Female Circumcision: Cultural of Islamic practice Part 2
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Is Female Circumcision a Cultural or Islamic Practice? Part 2

Questioner

Hoda

Reply Date

Apr 26, 2017

Question

Dear All, Thank you for this page and I really learned a lot from your replies. I deliberately send this question to your section not to the Fatwa section, as I need a more cultural reply to my questions. I have already read thoroughly about circumcision and am now convinced it is not an Islamic obligation but a traditional practice. I will not put my two daughters in such a traumatic experience. I found no convincing argument that it is obligatory for me to do so as a Muslim. But, I want you to confirm that to me too, as you know how we were brought up to believe it is essential! Simply “talk” to me about it a bit so that I would feel confident about my religiosity-based conviction and decision. Thank you.

Consultant

Answer


Salam Hoda, 

Thank you very much for your question. Please find the second and final part of the answer to your question below. Find the first part at the link here.

Male Circumcision

Although there is a clear injunction in the Qur’an against changing Allah’s creation, there is also an order for believers to emulate Prophet Ibrahim (Abraham). He is recorded as having been circumcised at the age of eighty. Yet, the prophetic sayings make clear that this is for the male child.

Male circumcision was and still is practiced by Muslims, Jews, and even some Christians. It is practiced even by those who are not openly observant for obvious hygienic reasons. We have textual evidence that Prophet Muhammad (pbuh) circumcised his nephews, Hassan and Husayn at the age of seven days.

In contrast, we have no corresponding information regarding any such procedure for any one of the prophet’s five daughters. No Christian sects have reported practicing this procedure as a religious ritual on their daughters, nor have Jews, observant or otherwise.

Yet, the practice remains rife in African countries, leading one to believe that this form of female abuse continues to be used as a means of keeping a vulnerable segment of their population in check, causing women to be less than she is meant to be.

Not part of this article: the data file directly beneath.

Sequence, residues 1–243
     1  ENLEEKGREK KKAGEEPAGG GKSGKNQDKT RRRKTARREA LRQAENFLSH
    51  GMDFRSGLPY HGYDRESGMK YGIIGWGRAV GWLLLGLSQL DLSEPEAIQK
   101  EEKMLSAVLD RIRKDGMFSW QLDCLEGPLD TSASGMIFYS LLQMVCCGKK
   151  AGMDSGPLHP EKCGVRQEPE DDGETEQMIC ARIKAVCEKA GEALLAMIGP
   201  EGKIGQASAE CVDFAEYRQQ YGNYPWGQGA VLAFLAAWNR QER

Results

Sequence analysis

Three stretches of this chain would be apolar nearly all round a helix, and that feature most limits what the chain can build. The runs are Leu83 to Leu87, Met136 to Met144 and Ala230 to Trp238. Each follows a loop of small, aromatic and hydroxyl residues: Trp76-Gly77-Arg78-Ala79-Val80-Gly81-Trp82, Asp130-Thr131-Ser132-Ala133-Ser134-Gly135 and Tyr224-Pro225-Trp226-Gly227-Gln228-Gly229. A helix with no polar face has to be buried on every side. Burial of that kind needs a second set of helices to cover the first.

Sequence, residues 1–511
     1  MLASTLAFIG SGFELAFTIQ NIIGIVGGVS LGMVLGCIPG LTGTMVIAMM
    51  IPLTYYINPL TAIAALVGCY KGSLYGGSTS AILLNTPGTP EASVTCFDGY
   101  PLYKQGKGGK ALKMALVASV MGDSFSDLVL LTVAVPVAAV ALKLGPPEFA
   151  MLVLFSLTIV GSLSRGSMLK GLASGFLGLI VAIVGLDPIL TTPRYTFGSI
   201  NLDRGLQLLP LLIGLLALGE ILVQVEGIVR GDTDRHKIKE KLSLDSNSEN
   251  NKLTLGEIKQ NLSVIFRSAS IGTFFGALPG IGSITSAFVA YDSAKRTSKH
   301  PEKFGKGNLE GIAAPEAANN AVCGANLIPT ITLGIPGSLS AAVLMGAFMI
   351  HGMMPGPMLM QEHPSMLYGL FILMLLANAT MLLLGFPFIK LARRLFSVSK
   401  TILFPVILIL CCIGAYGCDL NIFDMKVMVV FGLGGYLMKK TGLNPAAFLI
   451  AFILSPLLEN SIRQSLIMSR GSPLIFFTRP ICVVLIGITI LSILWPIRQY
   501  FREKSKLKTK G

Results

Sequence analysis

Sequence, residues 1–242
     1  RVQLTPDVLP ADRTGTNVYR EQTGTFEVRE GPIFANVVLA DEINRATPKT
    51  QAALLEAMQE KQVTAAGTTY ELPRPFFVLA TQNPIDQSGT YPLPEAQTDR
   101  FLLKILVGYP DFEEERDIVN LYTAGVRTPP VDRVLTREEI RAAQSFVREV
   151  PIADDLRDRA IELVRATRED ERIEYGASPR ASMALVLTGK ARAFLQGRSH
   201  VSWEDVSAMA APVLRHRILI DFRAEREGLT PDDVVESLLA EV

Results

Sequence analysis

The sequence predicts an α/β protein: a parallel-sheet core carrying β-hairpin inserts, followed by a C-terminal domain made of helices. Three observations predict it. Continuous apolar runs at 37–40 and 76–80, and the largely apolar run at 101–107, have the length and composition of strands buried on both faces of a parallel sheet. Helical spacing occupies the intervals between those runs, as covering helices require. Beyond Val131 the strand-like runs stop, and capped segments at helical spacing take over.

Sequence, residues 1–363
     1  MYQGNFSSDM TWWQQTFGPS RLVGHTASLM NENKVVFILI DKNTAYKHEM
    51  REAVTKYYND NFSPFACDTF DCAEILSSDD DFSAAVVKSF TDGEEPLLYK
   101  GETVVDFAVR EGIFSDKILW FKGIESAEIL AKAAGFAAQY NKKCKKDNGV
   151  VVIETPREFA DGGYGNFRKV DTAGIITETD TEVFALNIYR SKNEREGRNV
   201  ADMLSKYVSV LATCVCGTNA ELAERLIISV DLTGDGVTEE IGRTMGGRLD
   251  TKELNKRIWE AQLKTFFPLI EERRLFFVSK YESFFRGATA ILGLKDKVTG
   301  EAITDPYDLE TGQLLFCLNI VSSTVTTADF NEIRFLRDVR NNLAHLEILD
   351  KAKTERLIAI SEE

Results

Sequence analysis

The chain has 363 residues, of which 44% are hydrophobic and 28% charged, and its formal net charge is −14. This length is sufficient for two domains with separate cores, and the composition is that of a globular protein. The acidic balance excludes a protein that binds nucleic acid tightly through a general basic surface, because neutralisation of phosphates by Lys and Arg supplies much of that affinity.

In short, female circumcision is “changing Allah’s creation” without clear textual evidence to do so. Female strength is wasted by abuse and Islam is taking the blame for traditions that do not have any root in it.

Linguistics and Hermeneutics

One main reason for the continuous misapplication of female circumcision is a distance from and lack of respect for the Arabic language. So much emphasis has been placed recently on acquiring proficiency in foreign languages, resulting in a loss of fluency and competency in Arabic.

We must pay strict attention to the literal meanings implied and not get carried away by metaphorical flights of fancy, which could and do lead to disastrous misinterpretations.

Take for example the procedure of the “khittan” (circumcision) itself. As in the English rendition based in Latin, the procedure involves a circular cut around the tip of the penis, and the removal of the foreskin.

This procedure described in Arabic is identical to that of the description in medical books in English on the subject. Yet, the word supposedly used by Prophet Muhammad for the procedure in females WHEN AND IF necessary is “khafd” not “khittan“.

This involves a lessening of the enlarged problem area. Also, it should be further stated that this hadith about khafd is regarded as weak, and even unacceptable by many eminent scholars over the centuries.

Let me mention also that I was informed by a pediatrician that there does exist certain cases, in which surgery is really needed. She says that she herself has witnessed certain cases, where young girls have a long appendage dangling from their genital area, resembling a wide elastic band.

As a specialist, my pediatrician friend sees such cases to be abnormal and need to be handled through surgery.

After becoming Muslim and moving to the Arab world, I realized with certainty that such abnormality, which required certain surgery to remove the unusual appendage, is exactly what khahfd means.

This procedure in such a case would be considered an act of mercy, a far cry from what is done in the name of Islam – in many parts of Africa – by mutilating the normal genital organs.

Misinformation and horror stories abound, regarding the practice of what is termed by some as female circumcision, by others – female genital mutilation.

I have personally heard countless renditions of psychic trauma and near death experiences, prompting me to take the initiative to try to clarify the subject. After having done extensive research, as to its purported base in the prophetic traditions, I have become all too aware that special interests groups are monopolizing the discourse over this issue, each one accusing the other of ignorance in the matter.

I have gone through all texts – misunderstood, weak, or otherwise – word for word, and checked all transmitters. And, now I am confident that what is done in the name of Islam is not from Islam and a crime against humanity!

In closing, what better way to attain certainty than the words of the Almighty Allah:

{[…] and the male is not like the female […]} (Quran 3:26)

In our humanity, we are alike. Yet, our genitalia is not to be used in the analogy of circumcision as a religious ritual. The “khittan”, or circumcision, is a procedure rightly proscribed for males NOT females, except in extreme cases as the ones mentioned above.

Thank you and I hope this clarifies the matter.

Please continue feeding your curiosity, and find more info in the following links:

Customs, Traditions & Islam’s Message

Science Learns the Value of Male Circumcision

Why Should We Still Discuss FGM in the 21st Century?




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